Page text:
Don’t look to this Labor Day weekend to push the summer box office into the stratosphere.
Even though titles new and old have an extra day to amass earnings during the upcoming four-day holiday, it’s going to be a pretty low-grossing weekend as predictions around DreamWorks Pictures and Reliance Entertainment’s romantic drama “The Light Between Oceans” and 20th Century Fox’s sci-fi mystery “Morgan” have both coming in under $10 million.
Results shouldn’t put too much of a dent into the season’s overall performance seeing as Labor Day is historically a relatively low-grossing period, with last year’s highest performer, “War Room,” making just $13.4 million over the four days.
Stage 6 Films and Screen Gems holdover “Don’t Breathe” is poised to top the box office for its second straight weekend, likely to bring in grosses somewhere north of $13 million.
With summer-season grosses neck and neck with last year’s, 2016 still has a shot at finishing higher than 2015, the second biggest summer on record. As of Monday, 2016 was up 2.63 percent year over year when measuring the 115 days following the first Friday in May.
Even when you measure based on May 1 through the equivalent day on the calendar, 2016 is still up slightly, by .88 percent.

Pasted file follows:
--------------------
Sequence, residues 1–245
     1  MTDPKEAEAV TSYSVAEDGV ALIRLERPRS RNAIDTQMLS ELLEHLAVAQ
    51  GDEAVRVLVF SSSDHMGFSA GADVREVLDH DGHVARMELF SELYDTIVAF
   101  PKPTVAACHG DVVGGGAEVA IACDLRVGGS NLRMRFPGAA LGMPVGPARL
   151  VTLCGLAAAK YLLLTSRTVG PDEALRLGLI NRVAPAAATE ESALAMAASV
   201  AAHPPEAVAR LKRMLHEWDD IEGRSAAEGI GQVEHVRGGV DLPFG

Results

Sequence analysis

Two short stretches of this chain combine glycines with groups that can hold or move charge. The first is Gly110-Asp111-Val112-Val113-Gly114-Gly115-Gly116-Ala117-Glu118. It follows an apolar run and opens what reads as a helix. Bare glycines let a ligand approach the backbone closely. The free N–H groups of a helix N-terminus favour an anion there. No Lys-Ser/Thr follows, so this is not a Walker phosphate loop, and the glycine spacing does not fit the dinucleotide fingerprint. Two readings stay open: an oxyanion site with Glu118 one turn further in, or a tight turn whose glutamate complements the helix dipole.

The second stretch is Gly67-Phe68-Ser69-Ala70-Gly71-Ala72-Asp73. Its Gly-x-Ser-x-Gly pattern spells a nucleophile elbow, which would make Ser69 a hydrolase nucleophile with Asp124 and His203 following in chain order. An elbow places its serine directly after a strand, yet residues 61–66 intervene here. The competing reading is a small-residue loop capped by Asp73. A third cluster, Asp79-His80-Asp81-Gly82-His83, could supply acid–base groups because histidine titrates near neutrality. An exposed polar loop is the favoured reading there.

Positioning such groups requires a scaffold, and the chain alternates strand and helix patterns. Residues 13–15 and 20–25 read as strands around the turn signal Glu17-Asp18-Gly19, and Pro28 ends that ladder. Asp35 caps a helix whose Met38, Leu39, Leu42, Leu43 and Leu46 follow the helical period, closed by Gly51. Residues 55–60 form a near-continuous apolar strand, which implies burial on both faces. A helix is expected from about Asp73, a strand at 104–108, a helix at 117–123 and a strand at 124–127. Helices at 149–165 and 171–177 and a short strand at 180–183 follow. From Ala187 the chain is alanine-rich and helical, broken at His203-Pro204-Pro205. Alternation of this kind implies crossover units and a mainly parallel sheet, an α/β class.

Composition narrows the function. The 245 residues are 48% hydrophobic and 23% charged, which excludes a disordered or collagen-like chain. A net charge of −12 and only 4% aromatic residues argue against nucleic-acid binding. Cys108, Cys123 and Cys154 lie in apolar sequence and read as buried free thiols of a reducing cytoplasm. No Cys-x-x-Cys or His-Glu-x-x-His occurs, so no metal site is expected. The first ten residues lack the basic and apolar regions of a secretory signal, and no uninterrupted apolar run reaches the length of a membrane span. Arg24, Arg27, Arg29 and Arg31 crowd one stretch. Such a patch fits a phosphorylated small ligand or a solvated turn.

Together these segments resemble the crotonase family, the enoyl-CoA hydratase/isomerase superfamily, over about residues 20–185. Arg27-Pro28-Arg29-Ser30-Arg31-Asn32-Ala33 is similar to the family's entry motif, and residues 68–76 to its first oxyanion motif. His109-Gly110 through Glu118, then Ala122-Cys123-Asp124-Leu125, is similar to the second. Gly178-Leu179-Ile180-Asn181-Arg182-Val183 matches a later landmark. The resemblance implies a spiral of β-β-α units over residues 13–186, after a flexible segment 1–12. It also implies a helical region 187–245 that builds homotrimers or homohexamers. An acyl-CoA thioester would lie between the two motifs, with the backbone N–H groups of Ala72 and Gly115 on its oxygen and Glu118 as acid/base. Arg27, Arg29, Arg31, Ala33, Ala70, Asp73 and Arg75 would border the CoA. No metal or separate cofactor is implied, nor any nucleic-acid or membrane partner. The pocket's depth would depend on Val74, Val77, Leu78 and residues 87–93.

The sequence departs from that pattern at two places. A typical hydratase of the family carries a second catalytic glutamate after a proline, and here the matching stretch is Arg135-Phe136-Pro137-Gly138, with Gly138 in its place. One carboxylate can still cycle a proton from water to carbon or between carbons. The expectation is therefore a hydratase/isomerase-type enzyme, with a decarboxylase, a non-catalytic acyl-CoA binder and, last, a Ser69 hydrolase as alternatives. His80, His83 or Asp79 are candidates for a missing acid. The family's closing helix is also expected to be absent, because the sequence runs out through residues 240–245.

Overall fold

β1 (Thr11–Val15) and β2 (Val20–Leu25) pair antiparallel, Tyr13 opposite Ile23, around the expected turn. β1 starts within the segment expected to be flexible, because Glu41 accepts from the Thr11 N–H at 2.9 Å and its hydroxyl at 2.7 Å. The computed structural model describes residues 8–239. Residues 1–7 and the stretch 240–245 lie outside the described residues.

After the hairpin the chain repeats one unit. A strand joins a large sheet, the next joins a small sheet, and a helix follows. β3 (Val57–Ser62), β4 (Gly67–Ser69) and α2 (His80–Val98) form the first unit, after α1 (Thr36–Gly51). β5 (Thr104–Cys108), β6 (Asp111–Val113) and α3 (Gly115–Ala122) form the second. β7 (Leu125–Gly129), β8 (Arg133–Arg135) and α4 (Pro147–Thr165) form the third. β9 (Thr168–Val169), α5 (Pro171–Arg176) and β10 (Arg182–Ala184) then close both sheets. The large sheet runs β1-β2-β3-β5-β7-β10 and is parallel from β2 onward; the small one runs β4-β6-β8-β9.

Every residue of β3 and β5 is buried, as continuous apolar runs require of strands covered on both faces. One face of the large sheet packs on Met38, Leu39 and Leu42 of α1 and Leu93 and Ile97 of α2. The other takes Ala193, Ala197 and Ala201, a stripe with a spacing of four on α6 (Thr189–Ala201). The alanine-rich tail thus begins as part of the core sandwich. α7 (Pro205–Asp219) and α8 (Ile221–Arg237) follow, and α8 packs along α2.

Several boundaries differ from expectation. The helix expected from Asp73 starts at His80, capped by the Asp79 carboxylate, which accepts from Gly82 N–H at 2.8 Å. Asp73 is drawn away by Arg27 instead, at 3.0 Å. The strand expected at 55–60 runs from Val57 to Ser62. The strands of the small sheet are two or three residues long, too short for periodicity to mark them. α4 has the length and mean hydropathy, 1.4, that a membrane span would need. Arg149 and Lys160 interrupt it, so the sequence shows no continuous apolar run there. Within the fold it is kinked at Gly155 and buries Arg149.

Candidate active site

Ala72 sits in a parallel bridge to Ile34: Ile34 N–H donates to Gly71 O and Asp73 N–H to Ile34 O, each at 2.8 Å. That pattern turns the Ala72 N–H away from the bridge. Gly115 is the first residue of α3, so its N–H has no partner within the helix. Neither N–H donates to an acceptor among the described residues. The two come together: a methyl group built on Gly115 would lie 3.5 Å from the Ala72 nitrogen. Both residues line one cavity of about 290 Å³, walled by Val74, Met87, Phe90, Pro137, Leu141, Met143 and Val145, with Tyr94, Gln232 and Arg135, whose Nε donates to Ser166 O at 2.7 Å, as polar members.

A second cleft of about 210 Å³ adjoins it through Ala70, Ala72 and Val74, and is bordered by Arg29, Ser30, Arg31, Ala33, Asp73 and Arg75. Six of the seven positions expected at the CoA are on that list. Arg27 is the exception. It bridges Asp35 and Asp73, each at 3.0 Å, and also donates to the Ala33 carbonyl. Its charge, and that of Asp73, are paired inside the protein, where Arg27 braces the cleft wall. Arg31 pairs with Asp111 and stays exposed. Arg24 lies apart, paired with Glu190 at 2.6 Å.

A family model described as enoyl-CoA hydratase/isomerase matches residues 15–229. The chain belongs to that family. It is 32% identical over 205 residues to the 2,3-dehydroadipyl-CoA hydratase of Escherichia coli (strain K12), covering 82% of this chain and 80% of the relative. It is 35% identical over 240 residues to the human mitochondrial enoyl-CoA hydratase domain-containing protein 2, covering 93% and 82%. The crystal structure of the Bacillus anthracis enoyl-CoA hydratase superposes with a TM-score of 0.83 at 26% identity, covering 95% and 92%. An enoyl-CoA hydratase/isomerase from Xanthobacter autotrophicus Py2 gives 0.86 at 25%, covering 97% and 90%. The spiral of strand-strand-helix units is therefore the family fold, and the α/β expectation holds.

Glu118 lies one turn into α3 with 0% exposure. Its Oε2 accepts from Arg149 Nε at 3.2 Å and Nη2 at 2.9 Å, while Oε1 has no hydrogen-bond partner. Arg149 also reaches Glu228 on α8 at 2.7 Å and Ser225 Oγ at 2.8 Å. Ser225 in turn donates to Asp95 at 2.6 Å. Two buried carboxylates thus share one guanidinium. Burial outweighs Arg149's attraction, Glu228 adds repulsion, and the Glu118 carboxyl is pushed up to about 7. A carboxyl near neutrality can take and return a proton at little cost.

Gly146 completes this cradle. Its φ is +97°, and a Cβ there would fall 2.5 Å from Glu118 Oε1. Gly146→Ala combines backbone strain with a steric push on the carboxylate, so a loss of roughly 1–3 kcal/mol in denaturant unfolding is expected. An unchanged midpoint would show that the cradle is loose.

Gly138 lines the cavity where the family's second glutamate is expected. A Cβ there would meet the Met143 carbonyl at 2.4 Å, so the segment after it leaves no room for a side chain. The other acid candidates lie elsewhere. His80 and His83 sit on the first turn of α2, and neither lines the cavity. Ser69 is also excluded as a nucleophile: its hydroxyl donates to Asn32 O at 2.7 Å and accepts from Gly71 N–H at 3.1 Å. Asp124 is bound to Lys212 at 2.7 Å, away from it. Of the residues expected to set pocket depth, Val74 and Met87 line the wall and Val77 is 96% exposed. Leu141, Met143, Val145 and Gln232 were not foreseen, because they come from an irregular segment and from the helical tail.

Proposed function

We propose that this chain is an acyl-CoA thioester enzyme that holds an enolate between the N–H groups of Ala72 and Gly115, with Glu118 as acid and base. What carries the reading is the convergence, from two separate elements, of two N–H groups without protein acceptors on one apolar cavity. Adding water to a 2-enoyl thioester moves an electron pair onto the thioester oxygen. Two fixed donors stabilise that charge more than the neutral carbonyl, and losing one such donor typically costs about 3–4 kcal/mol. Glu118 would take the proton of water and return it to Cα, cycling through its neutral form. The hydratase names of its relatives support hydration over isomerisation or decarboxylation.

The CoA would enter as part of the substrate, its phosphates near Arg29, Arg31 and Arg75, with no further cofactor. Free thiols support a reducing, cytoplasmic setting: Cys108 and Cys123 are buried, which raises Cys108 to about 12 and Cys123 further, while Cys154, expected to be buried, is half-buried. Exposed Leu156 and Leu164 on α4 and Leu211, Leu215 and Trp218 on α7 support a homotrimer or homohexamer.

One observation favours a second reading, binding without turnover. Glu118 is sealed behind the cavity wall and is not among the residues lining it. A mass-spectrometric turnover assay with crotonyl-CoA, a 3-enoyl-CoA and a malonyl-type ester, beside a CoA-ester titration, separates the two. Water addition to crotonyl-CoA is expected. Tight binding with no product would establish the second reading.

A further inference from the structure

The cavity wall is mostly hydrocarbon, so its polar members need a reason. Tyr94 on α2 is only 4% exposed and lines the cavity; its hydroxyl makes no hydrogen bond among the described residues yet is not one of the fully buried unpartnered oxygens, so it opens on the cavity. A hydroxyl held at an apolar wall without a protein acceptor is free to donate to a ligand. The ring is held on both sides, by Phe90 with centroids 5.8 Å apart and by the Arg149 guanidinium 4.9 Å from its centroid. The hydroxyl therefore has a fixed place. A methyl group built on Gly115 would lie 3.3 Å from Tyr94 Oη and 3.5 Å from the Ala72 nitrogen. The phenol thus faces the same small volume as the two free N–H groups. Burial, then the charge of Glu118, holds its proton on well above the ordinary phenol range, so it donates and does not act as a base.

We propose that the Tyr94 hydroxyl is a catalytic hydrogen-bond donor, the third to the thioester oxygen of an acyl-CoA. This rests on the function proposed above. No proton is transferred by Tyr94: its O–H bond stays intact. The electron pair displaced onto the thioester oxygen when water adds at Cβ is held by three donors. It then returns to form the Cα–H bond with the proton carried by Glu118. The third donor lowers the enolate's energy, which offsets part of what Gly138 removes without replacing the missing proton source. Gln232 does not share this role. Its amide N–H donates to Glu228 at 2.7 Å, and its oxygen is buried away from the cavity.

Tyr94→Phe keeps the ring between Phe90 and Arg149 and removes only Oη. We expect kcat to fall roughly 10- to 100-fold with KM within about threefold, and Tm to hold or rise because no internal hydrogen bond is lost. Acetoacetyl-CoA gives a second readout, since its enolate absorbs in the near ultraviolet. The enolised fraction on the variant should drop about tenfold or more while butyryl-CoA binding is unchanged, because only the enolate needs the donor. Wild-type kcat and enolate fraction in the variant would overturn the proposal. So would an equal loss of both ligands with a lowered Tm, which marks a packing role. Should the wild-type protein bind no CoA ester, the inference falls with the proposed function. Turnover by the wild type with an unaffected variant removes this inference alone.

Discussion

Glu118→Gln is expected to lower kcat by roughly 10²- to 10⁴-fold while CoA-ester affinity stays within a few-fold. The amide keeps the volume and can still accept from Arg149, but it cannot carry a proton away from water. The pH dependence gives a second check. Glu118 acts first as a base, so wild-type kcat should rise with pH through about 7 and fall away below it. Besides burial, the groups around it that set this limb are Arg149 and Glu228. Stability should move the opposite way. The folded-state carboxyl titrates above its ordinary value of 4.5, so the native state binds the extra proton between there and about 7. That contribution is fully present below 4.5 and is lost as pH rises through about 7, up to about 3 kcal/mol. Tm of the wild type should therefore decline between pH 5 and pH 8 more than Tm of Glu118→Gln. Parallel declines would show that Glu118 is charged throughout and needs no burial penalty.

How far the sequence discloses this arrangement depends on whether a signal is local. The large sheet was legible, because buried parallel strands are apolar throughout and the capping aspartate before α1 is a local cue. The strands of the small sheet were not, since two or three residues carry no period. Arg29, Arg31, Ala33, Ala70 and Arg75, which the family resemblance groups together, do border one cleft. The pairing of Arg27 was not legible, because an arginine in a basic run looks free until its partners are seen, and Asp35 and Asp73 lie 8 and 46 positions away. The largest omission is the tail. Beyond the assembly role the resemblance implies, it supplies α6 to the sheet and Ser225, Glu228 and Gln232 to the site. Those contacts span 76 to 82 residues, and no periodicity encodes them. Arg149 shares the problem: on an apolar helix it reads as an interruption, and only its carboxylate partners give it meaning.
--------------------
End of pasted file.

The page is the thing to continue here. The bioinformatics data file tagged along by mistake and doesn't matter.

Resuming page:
“Morgan” is expected to come in under $8 million, with Fox estimates slightly lower at $6 million for the four-day opening total — not bad for a film that was produced for $8 million.
Debuting on roughly 2,000 screens, “Morgan” stars Kate Mara as a corporate consultant on a top-secret mission, tasked with deciding the fate of a potentially dangerous humanoid girl. It marks director Luke Scott’s feature-length debut.
Distributed by Disney’s Touchstone Pictures, “The Light Between Oceans” is expected to open to less than $9 million from roughly 1,500 screens. It was produced for $20 million.
Starring Michael Fassbender, Alicia Vikander and Rachel Weisz, the film revolves around a lighthouse keeper and his wife living off the coast of Western Australia as they raise a baby they’ve rescued from an adrift rowboat. Based on a novel by M.L. Stedman, the film was directed and written by Derek Cianfrance (“The Place Beyond the Pines,” “Blue Valentine”).